Mac OSX 10.4.3 compatible. P.S. I'm considering picking up a Nikon D200 ( I have an
    assortment of nice Nikkor lenses at my disposal, but, I wonder if the price is justified worthy
    over the D70s, it will be for my own personal enjoyment, and pursuit of Ansel Adams esque
    type photo's)
     
  8. "dialectric surface...angle of indicidence...complementary angles..."

    Have you guys ever actually done this? You're certainly struttin your bad tech self...except it's not all that hard.

    I've copied artwork for years using 4 Lowell Tota Lites with polarizing material and a 4x5, a Hasselblad, and a Nikon F...

    Set the lights up at 45 degrees to the artwork. Adjust / feather the lights to get uniform illumination - and Ellis is right - on critical work you can see 1/10 of an F-stop dfference in illumination between the center and edges.

    I use a PhotoResearch Litemate III footcandle meter and try to get not more than plus/minus 5 fc over the entire surface. The general illumination level is in the 250 - 300 fc range.

    Look through the viewfinder and adjust the polarizer to give the effect you want. On flat paintings (minimal brushstrokes) I maximize the polarization to eliminate all of the reflections. If the work is for an artist to enter a show, with heavy brushwork I like to leave some "sparkle" on the paintings so you're aware of the brush strokes. However, I always shoot several versions and let the artist choose the one they want.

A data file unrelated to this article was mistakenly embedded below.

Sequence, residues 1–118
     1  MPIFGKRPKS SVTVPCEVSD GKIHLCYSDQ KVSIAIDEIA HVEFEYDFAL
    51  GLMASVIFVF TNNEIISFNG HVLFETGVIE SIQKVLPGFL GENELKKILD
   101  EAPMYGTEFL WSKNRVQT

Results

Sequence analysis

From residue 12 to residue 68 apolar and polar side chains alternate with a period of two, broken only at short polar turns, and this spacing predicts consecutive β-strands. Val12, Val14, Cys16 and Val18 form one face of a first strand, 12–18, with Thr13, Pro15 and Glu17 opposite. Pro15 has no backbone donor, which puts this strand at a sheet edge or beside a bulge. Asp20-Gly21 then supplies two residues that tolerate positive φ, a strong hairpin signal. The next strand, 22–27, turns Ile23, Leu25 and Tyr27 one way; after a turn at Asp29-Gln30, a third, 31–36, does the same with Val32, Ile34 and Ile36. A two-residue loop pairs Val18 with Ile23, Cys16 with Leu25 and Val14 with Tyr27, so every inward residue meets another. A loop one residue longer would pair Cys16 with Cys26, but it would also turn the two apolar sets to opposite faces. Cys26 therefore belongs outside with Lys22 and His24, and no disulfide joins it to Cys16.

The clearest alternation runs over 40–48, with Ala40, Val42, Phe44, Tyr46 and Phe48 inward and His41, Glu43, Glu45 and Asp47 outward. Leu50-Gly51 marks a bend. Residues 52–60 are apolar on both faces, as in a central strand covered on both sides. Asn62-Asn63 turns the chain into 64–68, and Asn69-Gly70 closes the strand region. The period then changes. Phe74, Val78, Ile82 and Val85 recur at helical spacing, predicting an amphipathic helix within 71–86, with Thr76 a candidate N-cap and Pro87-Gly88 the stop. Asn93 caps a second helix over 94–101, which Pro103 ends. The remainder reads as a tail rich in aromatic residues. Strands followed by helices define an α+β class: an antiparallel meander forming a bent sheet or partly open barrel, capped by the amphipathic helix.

If it's for museum catalog work, I talk with the show curator to see how they want the reproduction. Some want all paintings totally flat, no sparkles. Others will want some detail in the brush strokes.

    If shooting 4x5, I try to use a 180mm or longer. I have used my 135mm in situations where I could not get back far enough with a really large piece of work.

    Likewise, with my Hasselblad, I try to use 80mm or longer - but, I have used my 50mm FLE in a pinch. Just make sure you're level, and parallel / plumb with the artwork looking directly at the center.
     
  9. Have you guys ever actually done this? You're certainly struttin your bad tech self...except it's not all that hard.
    My, my, touchy, aren't we! Yes I have done this, though not for photographic purposes (weird lab experiment -- technically more demanding, fortunately no call on artistic talent), and no, it's not that hard. The point of my post was to clarify terminology used in error (especially as Edward Ingold clearly knew better) and to point out that Brewster's angle is not actually a fixed magic angle (though it's pretty close)
    To the original poster: you seem to favor shorter focal lengths for this type of work. What's the reasoning behind this? Lens availability? Working space? A bit long of normal (180-210 in 4x5, 100-120 in MF) would reduce falloff and perspective issues.